- The Washington Times - Wednesday, November 26, 2008



Adjusting to the election of Barack Obama, some Israeli policymakers and analysts are now saying that talking to Iran might be a better way to prevent it from becoming a nuclear power than isolating it.

The tactical shift reflects anticipation that Mr. Obama will carry out his campaign pledge to engage Iran, as well as hope that more vigorous U.S. diplomacy - combined with the pinch of lower oil prices - might curb Iran’s nuclear ambitions.

Support for a U.S. diplomatic boycott of Tehran has been the dominant Israeli approach for years. Israeli politicians have compared Iranian President Mahmoud Ahmadinejad’s Iran to Nazi Germany in the 1930s - neglecting to mention that a cleric, Ayatollah Ali Khameini, rules Iran, not Mr. Ahmadinejad, and that Iran has not invaded any neighboring countries.

Israeli politicians suggested prior to Mr. Obama’s election that talks would be a hopeless exercise in appeasement, but Israel’s chief of army intelligence said last week that talking could yield strategic benefits for Israel.

“Rapprochement with Iran, while insisting on clearly defined parameters for the halting of the Iranian nuclear program, isn’t necessarily negative,” Maj. Gen. Amos Yadlin said at a Tel Aviv University lecture in memory of former Defense Minister Moshe Dayan. “If it succeeds, it will stop the Iranian nuclear program, and if it fails, it will strengthen the understanding that sanctions and the diplomatic efforts against Iran must be bolstered.”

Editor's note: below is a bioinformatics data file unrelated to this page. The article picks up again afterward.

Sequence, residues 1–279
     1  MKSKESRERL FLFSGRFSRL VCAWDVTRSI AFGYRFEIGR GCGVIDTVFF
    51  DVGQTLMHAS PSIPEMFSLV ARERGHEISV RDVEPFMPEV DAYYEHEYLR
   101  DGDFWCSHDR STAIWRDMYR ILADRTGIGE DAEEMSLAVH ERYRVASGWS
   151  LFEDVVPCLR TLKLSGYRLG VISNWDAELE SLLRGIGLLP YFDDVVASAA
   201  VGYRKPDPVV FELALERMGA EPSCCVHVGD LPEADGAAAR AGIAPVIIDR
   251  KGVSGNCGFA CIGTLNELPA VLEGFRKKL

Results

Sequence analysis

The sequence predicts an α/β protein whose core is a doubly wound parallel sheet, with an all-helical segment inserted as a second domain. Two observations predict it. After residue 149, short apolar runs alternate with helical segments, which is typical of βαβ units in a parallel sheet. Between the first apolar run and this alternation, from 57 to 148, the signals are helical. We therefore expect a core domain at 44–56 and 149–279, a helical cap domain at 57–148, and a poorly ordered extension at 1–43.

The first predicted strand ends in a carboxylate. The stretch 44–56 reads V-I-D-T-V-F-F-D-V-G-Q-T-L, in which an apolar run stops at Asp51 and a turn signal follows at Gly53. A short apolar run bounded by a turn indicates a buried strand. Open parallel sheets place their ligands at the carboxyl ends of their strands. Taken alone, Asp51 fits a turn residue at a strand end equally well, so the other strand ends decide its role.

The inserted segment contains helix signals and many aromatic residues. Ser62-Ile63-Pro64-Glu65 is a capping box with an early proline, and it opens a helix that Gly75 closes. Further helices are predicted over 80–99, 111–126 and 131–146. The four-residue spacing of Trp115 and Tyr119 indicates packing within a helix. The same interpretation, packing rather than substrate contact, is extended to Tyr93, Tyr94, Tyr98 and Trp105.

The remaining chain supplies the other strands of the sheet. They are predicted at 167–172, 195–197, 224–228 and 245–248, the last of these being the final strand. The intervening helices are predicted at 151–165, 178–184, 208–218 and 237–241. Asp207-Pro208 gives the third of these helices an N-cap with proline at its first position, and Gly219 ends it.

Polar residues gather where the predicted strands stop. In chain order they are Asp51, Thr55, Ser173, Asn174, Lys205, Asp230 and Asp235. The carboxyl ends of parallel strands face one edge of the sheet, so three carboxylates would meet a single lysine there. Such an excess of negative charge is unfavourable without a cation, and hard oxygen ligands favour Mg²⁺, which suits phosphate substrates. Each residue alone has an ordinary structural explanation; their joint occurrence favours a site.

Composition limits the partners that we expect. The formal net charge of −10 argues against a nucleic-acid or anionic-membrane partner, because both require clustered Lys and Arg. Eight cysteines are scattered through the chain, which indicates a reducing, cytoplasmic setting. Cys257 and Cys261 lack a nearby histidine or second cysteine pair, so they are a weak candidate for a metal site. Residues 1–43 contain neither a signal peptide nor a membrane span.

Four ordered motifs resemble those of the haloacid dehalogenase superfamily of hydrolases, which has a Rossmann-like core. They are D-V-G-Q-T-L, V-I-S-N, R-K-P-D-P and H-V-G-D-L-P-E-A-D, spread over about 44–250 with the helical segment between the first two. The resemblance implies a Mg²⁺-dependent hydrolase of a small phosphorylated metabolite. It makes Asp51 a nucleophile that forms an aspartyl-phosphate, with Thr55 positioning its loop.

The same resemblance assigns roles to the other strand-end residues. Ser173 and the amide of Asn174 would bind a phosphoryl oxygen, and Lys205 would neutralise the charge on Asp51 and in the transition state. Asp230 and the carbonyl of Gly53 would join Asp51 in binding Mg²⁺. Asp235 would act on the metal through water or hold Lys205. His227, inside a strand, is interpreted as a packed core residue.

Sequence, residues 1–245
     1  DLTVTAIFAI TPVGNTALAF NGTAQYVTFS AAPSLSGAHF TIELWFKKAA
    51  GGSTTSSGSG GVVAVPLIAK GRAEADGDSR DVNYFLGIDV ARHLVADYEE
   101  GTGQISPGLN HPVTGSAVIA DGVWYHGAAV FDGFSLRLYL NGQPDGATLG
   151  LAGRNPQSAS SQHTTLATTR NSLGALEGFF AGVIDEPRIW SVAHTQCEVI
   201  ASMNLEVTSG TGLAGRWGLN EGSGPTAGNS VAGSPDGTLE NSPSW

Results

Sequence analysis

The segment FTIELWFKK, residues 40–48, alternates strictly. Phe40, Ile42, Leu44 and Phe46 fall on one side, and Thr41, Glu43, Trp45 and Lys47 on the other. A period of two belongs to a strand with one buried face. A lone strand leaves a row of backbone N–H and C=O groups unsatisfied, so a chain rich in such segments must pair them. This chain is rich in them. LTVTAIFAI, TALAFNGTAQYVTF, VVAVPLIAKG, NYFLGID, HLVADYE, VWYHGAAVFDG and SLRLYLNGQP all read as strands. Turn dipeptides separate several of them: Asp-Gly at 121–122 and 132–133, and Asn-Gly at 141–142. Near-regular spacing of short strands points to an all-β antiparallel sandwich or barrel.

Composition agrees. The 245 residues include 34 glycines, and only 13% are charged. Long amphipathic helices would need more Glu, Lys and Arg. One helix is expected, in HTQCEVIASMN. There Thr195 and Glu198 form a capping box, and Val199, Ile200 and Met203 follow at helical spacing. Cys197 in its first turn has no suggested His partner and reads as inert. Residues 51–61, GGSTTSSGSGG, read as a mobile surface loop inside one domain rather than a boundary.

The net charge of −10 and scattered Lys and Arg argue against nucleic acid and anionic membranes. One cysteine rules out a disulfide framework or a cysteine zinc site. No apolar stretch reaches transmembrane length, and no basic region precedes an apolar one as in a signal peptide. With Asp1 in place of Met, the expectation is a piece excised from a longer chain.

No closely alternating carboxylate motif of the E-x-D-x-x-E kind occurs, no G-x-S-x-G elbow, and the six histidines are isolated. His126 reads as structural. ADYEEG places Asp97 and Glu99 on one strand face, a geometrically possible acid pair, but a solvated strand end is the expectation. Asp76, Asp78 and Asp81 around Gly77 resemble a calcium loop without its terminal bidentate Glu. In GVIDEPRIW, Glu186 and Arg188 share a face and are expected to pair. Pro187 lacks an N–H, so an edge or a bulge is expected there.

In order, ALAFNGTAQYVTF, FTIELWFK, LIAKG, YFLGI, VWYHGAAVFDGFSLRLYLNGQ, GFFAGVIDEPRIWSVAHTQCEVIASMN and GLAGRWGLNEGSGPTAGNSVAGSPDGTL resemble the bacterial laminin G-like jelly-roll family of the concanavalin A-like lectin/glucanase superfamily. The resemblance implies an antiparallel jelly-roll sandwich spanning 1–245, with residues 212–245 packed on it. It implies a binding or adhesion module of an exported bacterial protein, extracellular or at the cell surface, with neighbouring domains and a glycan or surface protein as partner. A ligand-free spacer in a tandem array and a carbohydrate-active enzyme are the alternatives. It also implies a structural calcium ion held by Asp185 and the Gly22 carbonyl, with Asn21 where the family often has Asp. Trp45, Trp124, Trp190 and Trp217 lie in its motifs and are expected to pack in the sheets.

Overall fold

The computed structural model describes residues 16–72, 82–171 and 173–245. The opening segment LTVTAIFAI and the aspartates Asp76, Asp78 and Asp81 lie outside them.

Some analysts believe the unusual political comment from a military intelligence chief reflects an effort by Israelis to get on the same page with the incoming administration, rather than be seen as a potential spoiler.

“He [Mr. Obama] wants to begin diplomatically, and no one wants to fight that. Israel is quickly falling into line,” said Alon Liel, a former Foreign Ministry official. “There is a decision in the Israeli system that Obama’s Iran policy shouldn’t be viewed as an anti-Israeli move.”

In Washington Tuesday, Israeli Prime Minister Ehud Olmert told editors and columnists from The Washington Times and several other newspapers that he had talked with Mr. Obama during the campaign and again following Nov. 4 and came away convinced that the incoming president is committed to ensuring that Iran does not develop a nuclear weapon.